Las Vegas' Sahara Hotel and Casino closing after more than 58 years
The Sahara Hotel and Casino opened in 1952. The landmark’s final guest is scheduled to check out around noon Monday.
May 16th, 2011
07:40 AM ET

Las Vegas' Sahara Hotel and Casino closing after more than 58 years

The Sahara Hotel and Casino, a fixture on the Las Vegas Strip since 1952, closes Monday for good.

The Sahara was the sixth casino built on the Strip, the Las Vegas Sun reported, and cashed in as Las Vegas grew as a gambling mecca.

"It would be nothing to go to work and make 300, 500, 2,700 [dollars] in four hours. You know that's just the way it was in the old days," John Law, who worked as a dealer at the Sahara 31 years ago, told CNN affiliate KTNV.

The hotel once showcased some of the biggest stars on the Strip, including comedians Don Rickles and Johnny Carson and singers Dean Martin and Tina Turner. The Jerry Lewis Muscular Dystrophy Telethon originated from the Sahara for 20 years. And the Sahara in 1964 brought the Beatles to Las Vegas for $25,000, though it hosted their show in the Las Vegas Convention Center because the hotel's 600-seat showroom couldn't handle the crowd, according to the Sun.

But newer, bigger resorts have eclipsed the 1,720-room Sahara.

While high rollers moved on to newer properties, the Sahara featured dollar deals.

"Dollar blackjack, dollar beer, dollar craps, dollar everything," local resident Chris Lamb told KTNV in his praise of the Sahara.

In March, Sahara owners SBE Entertainment of Los Angeles and private equity firm Stockbridge Real Estate of San Francisco announced it was "no longer economically viable" to keep the facility open, the Las Vegas Review Journal reported.

The final guest is scheduled to check out around noon, the Review Journal reported, and 1,050 jobs will be lost.

The hotel's website said it was transferring all reservations to its partner Circus Circus.

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Filed under: Gambling • Las Vegas • Nevada • Showbiz • Travel
soundoff (190 Responses)
  1. Joey

    People out for a flip architectural thrill don't want to renovate anything historical.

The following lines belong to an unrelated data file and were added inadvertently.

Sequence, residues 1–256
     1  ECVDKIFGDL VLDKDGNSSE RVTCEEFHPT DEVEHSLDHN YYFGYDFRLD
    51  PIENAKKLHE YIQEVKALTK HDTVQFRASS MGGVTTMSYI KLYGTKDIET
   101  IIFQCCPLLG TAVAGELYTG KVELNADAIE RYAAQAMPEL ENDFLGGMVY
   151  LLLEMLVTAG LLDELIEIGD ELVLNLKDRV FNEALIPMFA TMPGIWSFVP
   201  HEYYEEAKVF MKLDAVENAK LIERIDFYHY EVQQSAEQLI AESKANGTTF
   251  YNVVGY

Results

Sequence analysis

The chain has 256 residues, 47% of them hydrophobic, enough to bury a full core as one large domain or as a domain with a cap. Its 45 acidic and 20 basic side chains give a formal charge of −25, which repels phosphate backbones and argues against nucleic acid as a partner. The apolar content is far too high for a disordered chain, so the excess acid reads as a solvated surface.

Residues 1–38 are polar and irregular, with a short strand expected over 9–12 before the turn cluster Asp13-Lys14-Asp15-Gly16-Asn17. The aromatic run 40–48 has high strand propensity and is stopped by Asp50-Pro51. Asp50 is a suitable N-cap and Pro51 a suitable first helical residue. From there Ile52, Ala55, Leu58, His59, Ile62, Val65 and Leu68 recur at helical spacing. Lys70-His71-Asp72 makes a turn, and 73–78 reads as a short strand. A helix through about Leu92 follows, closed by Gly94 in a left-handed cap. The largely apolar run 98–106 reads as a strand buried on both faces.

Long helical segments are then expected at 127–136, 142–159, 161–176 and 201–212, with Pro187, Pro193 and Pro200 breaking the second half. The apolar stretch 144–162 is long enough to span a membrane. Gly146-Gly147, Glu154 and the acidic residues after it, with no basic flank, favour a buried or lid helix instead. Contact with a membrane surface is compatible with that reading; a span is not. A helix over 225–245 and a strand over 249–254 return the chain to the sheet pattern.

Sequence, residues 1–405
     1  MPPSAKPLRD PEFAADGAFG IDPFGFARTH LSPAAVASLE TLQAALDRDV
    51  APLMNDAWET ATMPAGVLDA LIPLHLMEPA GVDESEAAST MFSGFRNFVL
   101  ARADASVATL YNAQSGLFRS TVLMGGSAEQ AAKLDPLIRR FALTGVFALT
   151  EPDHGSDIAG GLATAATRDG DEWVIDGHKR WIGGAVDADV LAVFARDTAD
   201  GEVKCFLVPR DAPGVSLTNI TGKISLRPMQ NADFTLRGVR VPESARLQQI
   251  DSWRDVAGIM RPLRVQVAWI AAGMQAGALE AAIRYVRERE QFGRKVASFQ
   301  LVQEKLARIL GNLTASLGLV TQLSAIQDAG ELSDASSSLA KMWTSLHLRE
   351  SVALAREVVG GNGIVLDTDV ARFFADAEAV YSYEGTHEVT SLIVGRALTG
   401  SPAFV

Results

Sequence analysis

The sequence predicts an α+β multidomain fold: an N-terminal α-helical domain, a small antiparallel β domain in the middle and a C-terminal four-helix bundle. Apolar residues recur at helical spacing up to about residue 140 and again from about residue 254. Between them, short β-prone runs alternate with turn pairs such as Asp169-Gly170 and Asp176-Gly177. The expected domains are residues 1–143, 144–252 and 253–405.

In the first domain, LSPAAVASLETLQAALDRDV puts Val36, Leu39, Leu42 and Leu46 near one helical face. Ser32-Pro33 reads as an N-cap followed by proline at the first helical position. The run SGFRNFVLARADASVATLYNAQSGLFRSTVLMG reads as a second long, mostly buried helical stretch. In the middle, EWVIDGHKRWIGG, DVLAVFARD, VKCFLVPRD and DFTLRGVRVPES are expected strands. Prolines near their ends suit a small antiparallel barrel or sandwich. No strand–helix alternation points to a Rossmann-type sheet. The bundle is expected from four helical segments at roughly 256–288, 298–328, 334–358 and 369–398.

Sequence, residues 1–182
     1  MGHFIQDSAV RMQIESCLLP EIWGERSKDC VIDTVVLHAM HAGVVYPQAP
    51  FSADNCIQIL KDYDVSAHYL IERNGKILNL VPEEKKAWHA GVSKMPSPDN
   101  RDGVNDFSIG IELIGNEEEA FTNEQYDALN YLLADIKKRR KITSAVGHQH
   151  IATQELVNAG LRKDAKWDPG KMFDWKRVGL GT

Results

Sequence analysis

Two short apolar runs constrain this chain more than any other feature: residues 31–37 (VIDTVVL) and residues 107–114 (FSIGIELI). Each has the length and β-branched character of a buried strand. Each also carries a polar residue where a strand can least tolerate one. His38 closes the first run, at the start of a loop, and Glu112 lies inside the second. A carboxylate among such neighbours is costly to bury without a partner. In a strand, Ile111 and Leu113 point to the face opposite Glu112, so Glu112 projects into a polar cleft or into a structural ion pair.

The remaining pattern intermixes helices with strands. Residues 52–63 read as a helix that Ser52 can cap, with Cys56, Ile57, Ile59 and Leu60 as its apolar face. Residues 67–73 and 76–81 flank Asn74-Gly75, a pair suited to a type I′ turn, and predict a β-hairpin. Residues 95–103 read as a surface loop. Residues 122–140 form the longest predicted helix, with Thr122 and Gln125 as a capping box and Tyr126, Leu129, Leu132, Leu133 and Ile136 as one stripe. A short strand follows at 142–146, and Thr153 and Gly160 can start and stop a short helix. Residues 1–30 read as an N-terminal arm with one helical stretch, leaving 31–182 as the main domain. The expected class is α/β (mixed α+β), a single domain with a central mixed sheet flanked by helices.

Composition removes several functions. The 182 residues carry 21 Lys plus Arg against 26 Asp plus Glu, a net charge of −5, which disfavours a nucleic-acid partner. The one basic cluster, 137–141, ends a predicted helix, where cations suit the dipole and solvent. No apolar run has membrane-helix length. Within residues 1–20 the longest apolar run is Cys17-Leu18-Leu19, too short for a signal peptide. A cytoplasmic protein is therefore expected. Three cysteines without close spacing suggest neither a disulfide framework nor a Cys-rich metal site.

Instead, they want their "shock of delight" as an astounding, unimaginable dream.
    If the building appears to be in danger of falling, it's even better. Sometimes parts of those breathtaking buildings do collapse.
    Have another martini and enjoy.

    May 16, 2011 at 10:25 am | Report abuse |
    • joelle esther benyayer

      make me remenber the movie casino with robert de niro very good sharon stone a pensee for partouche also get enoy like me roman polanski DSK so many sahara well far away most nice joelle esther benyayer

      May 16, 2011 at 11:04 am | Report abuse |
  2. Riff*Raff

    My grandmother went w/ friends every 6 mo for several years. She always had amazing stories about the masses of free food & drink and the celebrity sightings. Made me want to go too. After that sales pitch,I was highly disappointed in 09 when I went. The recession hit that city very hard. No freebies for me!
    @ Dave-if that's your way of thinking, I would say Ensign is more of a blight on NV than Reid.

    May 16, 2011 at 10:25 am | Report abuse |
  3. Joey

    And who ever heard of Frank Sinatra?
    Maybe John Galt did.

    May 16, 2011 at 10:26 am | Report abuse |
  4. DavieD

    Vegas was great when the Mob oversaw operations. It was safe, clean, and gamblers actually won money on occasion. Once the corporations and the stroller crowd moved in the place went in the toilet.

    May 16, 2011 at 10:31 am | Report abuse |
    • Oldfart

      Yep. The mob took care of their customers. There was never a shortage of good, free entertainment or really good, cheap food. I never had any problems at all when the mob ran the town. We always had a great time.

      May 16, 2011 at 10:41 am | Report abuse |
    • Brent

      Looking at the people running the Sahara, I think the mob is still in charge. This hotel has the worst paying slots, the meanest managers and poorest service. This, and location, is why it is time to close down.

      May 16, 2011 at 11:04 am | Report abuse |
  5. Tommy Jonq

    same old american story. godfather I. godfather II. godfather III. chapter XI.

    May 16, 2011 at 10:33 am | Report abuse |
  6. Tom

    Very very sorry to see it go. My late wife and I had many very good times there over the years. Since the mega-hotel/casino building boom of the 80s, the earlier glitz joints on the strip have been closing, torn down and turned into over-priced high-dollar palaces for the yuppies with too much money on their hands. Now the Las Vegas economy is seeing that pushing out the value-conscious customers has left them with fewer customers willing to pay off the junk bonds that financed a lot of that over-building. It used to be that there were plenty of good places on the strip to stay for a reasonable price; then they started pushing the value-crowd downtown or off-strip, which still wasn't too bad. Now there just isn't as much left to bring us back there. Used to go there twice a year. The last time we stayed at the Stardust, just before they closed it. Haven't been back since; probably won't either. I'm sorry for Las Vegas and the folks that live there.

    May 16, 2011 at 10:39 am | Report abuse |
    • Steven Gordon